Tristan Woodfine had the race of this life earlier this month at the London Marathon, achieving the Olympic standard and running a huge personal best of 2:10:51. With so much uncertainty as to when and where he would get to race, Woodfine’s build had multiple phases and lasted nearly a year, which is a really long time to go without a break in training. Despite this, Woodfine has barely dealt with any injury issues. He attributes his health to the routine below, which he does before every run and strength session.
This exercise helps with posture and upper back strength. Stand up straight and hold an exercise band in front of you at chest height. Your hands should be shoulder-width apart with palms facing upward. Slowly pull the band apart while squeezing your shoulder blades together. Pause for a couple of seconds at the end of your range, and then slowly return to the starting position. Aim for 10 to 20 repetitions.
Dead bug position 1
Dead bug position 2
Dead bug position 3
Begin by lying face up on a mat with your arms in the air, perpendicular to your torso. Your legs are in the air with your knees bent at a 90-degree angle. Slowly lower one arm overhead to the floor and lower your opposite leg toward the floor. Return to the starting position and do the same thing with the other side. Try to keep your lower back pressed into the floor and aim for 10 reps on each side.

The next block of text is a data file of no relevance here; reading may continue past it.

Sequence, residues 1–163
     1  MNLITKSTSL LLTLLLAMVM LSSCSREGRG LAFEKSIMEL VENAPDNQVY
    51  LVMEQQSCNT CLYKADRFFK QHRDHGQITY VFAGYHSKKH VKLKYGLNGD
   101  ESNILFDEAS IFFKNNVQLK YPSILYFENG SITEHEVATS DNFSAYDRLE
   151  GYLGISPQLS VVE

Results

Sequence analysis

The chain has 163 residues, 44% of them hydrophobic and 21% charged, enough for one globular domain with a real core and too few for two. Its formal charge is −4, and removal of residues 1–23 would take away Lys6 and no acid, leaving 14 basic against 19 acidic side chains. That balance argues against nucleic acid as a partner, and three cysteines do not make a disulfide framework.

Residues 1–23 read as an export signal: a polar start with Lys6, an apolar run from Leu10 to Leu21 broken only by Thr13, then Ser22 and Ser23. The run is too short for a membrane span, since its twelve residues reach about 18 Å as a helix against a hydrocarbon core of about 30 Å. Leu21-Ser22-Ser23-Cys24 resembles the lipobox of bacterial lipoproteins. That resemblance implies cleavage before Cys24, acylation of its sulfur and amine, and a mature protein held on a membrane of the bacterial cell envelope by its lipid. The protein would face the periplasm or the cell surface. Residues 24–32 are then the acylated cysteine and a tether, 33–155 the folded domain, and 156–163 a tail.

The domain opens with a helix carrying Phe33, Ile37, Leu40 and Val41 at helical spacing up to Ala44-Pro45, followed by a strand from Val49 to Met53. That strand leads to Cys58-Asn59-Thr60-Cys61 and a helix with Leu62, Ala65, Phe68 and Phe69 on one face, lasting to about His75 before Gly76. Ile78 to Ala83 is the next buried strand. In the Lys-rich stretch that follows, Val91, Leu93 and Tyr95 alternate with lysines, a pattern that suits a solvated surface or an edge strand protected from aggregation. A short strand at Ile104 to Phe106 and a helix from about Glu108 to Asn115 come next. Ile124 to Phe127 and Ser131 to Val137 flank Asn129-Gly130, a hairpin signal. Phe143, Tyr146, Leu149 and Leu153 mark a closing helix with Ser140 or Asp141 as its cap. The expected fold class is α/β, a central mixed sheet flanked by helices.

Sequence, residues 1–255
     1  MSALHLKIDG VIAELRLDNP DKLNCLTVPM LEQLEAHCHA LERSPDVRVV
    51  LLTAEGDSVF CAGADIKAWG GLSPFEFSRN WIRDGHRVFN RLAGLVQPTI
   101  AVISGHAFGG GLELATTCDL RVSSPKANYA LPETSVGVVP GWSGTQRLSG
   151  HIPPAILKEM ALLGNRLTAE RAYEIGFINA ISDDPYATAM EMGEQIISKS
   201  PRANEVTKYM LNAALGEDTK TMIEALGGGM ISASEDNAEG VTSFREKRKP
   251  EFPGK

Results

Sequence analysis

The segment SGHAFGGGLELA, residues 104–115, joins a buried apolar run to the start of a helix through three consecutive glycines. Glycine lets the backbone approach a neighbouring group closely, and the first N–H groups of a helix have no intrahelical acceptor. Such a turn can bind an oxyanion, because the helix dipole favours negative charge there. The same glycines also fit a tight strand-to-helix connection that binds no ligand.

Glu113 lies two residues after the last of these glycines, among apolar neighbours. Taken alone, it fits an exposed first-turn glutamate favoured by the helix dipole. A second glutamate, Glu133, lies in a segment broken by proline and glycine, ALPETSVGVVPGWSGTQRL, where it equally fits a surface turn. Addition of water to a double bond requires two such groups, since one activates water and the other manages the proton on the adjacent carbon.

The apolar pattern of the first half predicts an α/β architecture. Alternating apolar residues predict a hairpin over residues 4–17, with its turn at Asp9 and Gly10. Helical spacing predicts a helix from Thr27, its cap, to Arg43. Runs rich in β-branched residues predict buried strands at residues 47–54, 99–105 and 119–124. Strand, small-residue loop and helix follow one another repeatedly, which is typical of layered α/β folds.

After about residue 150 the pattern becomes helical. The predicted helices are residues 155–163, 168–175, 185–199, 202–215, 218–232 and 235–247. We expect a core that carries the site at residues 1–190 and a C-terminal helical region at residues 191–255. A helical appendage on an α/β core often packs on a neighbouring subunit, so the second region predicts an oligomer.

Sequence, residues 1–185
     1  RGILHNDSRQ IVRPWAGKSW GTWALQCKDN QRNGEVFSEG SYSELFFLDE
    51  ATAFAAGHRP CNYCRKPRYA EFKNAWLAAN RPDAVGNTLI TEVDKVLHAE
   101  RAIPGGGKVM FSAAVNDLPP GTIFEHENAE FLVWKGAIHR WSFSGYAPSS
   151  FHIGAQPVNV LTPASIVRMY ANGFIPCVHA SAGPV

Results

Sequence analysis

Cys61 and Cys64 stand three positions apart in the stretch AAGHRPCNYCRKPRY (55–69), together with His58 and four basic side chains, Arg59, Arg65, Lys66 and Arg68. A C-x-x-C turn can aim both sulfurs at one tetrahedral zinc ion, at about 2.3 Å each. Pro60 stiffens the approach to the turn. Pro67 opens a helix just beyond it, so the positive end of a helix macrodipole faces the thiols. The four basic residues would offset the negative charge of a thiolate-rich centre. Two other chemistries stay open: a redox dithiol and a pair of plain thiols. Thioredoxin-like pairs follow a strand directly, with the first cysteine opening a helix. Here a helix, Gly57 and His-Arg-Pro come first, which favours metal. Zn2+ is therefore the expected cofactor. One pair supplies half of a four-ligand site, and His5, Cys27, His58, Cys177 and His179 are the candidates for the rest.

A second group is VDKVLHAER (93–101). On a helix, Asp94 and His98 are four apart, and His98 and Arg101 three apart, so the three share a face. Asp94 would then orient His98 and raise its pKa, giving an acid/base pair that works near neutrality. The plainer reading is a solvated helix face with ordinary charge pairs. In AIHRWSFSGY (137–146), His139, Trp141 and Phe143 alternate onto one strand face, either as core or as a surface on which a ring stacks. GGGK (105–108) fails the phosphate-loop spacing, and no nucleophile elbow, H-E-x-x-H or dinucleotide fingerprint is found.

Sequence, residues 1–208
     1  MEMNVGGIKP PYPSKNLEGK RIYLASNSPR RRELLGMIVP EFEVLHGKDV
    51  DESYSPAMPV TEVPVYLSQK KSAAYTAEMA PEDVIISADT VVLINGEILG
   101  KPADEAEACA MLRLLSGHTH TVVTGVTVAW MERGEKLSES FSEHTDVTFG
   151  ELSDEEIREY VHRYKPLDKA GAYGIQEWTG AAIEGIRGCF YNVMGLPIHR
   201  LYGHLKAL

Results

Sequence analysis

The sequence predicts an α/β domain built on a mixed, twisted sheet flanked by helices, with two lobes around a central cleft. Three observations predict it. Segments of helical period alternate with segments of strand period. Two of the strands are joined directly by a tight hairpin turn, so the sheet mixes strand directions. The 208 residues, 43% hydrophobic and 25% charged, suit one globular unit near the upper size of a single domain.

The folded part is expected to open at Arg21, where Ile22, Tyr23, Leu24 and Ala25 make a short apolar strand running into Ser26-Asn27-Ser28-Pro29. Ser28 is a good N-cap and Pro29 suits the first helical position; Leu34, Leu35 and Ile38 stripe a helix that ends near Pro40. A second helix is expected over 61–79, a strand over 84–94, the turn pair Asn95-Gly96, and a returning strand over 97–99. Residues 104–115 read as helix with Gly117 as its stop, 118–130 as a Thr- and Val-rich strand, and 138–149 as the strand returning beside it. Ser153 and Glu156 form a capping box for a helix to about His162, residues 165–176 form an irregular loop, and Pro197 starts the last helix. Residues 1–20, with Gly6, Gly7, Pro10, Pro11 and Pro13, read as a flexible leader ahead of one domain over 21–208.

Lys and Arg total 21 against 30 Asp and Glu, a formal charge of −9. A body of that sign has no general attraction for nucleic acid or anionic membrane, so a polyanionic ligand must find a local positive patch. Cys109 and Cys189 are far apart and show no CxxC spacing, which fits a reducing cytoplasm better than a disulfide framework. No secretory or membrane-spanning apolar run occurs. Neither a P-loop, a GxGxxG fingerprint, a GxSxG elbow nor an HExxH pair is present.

Banded knee drive
Start by standing in a split-leg position with a heavy resistance band around your waist and anchored to something behind you. You will also need a chair or box set up a few feet in front of you. Drive your hip and back leg forward, with a focus on using the glute to generate the force and let your foot land on the chair or box. Hold this position for one or two seconds, making sure your glute is still activated. Return to the starting position. Aim for 10 reps for each leg.
Clamshell and reverse clamshell
Start by lying on your side with both legs stacked. Your shoulders, hips, and knees should all form a straight line. Bend your knees to 90 degrees and place a resistance band around them. Raise your top knee while keeping your ankles together. Hold the end range position for one to two seconds before slowly bring your knee back to the starting position. For the reverse clamshell, you will remain in the same position but this time move the resistance band around your ankles. Raise your top ankle and focus on achieving the motion through an internal rotation of the hip. Again, pause at the top for one or two seconds and slowly bring the ankle back down to the starting position. Aim for about 10 to 15 reps each.
Stand on one foot with your other leg bent at the knee and your arms out in front of you. Once you have found your balance, lower into a quarter squat with your raised leg kicking out behind you. Don’t let your knee go past the end of your toes or collapse inwards. Once at the bottom, push back upwards through your foot and focus on activating your glutes to get back to the starting position. Aim for eight to 10 reps on each leg.